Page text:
While I was waiting for my time slot at the salon, I watched the two clients before me. Two women, one my age, one slightly older. The younger woman was teasing the middle aged woman about the full-blown excavative work being done one her feet – the kind of comment that would have plunged me into a shame spiral. Instead the older woman giggled and shrugged; they were speaking Dutch, but if I had to guess her reply was along the lines of “what? These are a working woman’s feet.” I became obsessed with her feet: tired, clenched, veiny, swollen. And yet the pedicurist working at them worked with single handed focus, massaging them over and over with care. Excavation or no, the pedicurist had a job to be done, and the middle-aged woman was clearly enjoying her pampering. The more the pedicurist worked her feet, the more the woman’s feet seemed beautiful in their ugliness. Each vein a sign of her life lived till now. The swollenness proof that she stood long days, providing for those she cared about. The gradual relaxing of her clenched toes an indication that for all her hard work, she was willing to let go her day’s worries to the pleasure of being cared for. Seeing her smile at her colorful toes, pack them up into her sneakers, and walk out of the salon with a bounce to her step, laughing with her younger friend, made my heart sing.

My turn came. I felt a wave of vulnerability taking my feet out of my shoes – this was to be the first time they were touched by a stranger in over 24 months. What judgments about my lack of self-care would the esthetician make based on the level of crustiness of my feet? Should I explain that I walk 2h a day and the corns on my toes are a new development since I turned 35? That the dry skin of many blisters isn’t my fault, I’ve always had sensitive feet? Laughingly joke that the hairs on my big toes are a result of a scaled back social life because of the pandemic, but of course normally I would pluck and primp my big toes to have an appearance that is appropriate for the outside world? Or just sit in silence and let the esthetician work? I chose the last option. For 90 minutes she worked my hands and my feet with gentle concentration giving me the same attention as she had her previous client. I caught her smiling and nodding with satisfaction after her last pat down of my feet – her first outward sign that she had seen the state of my feet initially. Rather than judgment, her smile seemed to indicate a satisfaction of having restored my feet to their unique form of beauty.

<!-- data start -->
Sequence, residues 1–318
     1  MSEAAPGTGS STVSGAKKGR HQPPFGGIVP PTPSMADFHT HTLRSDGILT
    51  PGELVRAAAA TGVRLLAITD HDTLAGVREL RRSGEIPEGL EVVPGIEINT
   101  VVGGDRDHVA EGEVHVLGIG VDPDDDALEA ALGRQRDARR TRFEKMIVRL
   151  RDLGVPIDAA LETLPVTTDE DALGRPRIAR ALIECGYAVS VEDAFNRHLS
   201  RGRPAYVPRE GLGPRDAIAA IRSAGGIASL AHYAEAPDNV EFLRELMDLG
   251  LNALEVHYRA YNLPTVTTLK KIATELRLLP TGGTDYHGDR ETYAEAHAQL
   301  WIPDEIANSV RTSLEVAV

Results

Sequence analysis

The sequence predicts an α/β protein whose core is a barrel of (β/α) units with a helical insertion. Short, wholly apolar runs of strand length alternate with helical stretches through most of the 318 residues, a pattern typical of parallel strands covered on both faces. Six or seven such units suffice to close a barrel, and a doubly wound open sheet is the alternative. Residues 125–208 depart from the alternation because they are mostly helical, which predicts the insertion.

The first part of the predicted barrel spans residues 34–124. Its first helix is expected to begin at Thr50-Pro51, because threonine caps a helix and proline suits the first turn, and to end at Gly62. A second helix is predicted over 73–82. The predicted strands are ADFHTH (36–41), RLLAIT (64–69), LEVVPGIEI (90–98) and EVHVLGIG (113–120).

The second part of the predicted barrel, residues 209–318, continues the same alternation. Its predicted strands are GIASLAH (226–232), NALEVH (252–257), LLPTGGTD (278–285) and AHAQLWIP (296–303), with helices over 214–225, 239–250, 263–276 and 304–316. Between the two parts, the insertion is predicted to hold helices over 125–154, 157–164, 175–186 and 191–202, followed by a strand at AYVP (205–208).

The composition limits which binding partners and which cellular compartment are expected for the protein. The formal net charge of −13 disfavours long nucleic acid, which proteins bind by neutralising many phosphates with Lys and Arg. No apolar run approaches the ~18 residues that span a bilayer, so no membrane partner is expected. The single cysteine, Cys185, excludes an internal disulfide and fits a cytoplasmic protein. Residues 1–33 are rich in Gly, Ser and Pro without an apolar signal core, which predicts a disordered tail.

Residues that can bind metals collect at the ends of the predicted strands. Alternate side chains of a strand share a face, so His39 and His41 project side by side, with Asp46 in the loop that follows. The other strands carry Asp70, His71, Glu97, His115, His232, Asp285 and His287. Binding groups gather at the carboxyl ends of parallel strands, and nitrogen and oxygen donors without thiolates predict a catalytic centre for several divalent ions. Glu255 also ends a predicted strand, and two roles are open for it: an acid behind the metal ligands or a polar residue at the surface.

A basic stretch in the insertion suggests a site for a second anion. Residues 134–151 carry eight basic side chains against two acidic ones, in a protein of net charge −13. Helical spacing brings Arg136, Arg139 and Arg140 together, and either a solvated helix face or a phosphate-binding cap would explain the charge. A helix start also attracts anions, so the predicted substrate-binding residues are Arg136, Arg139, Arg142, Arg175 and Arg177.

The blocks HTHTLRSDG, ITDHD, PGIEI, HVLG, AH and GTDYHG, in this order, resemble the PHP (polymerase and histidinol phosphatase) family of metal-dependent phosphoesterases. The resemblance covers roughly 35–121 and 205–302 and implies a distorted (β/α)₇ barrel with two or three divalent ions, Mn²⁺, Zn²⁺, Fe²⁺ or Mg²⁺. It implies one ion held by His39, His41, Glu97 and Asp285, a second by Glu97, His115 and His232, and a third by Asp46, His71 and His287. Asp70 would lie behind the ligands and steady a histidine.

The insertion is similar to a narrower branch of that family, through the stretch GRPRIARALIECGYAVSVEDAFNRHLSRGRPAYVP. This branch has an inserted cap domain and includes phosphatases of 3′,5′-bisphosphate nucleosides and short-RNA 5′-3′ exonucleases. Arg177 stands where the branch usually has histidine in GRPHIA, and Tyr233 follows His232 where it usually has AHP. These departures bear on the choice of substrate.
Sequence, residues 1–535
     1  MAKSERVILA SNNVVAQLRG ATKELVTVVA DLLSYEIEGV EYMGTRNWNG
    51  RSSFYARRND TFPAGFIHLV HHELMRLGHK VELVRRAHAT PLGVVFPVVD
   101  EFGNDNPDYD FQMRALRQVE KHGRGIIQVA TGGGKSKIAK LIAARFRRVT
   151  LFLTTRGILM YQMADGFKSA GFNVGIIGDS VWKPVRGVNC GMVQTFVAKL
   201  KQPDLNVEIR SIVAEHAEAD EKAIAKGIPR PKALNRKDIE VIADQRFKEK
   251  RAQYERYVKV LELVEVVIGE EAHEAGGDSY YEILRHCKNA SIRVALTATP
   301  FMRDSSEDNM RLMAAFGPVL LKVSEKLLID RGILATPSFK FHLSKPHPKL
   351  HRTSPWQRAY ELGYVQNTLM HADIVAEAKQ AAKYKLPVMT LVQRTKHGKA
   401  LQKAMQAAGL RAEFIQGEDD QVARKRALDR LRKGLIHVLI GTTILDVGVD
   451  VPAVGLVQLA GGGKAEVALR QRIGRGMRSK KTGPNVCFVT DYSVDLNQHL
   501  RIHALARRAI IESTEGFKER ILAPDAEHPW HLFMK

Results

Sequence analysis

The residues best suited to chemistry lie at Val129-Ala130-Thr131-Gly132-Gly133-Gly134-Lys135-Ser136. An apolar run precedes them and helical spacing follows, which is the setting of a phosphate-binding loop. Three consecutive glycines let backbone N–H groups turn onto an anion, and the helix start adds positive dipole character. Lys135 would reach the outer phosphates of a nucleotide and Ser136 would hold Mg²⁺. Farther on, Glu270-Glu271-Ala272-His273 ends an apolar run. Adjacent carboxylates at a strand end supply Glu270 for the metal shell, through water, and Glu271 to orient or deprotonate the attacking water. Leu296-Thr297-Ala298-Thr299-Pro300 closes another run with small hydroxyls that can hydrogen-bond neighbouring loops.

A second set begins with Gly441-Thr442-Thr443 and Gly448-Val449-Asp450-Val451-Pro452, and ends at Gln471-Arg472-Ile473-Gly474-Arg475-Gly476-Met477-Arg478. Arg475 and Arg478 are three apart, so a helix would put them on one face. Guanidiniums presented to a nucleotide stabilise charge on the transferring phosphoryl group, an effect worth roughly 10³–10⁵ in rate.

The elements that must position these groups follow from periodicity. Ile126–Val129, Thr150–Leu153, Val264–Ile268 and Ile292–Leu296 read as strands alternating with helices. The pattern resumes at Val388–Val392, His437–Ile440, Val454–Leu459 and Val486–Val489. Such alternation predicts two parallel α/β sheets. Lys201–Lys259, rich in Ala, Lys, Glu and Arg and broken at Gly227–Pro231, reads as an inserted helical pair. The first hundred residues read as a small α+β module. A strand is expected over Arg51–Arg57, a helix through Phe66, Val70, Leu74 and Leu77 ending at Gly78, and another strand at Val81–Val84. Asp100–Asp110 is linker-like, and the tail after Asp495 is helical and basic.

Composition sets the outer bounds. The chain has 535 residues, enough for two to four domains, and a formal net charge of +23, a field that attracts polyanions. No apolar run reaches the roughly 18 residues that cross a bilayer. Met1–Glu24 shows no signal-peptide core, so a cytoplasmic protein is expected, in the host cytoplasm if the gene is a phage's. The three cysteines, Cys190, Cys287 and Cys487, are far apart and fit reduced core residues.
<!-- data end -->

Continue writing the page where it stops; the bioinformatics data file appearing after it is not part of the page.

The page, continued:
Sitting in companionable silence with the estheticians with the radio playing an eclectic mix of hits, from Tina Turner to Ed Sheeran to Brad Paisley, it occurred to me that maybe dignity is accepting oneself as one is, and deciding one is worthy of care. I’ve vague memories of a life pre-pandemic where this was a lesson I had well understood, but the pandemic stole much from all of us, including my sense of self.

Rebuilding that sense of self begins with neon pink nails, I’ve decided. They are loud, they are shiny and they are very me. A me I look forward to rediscovering.

Anyone know how to take flattering hand selfies?!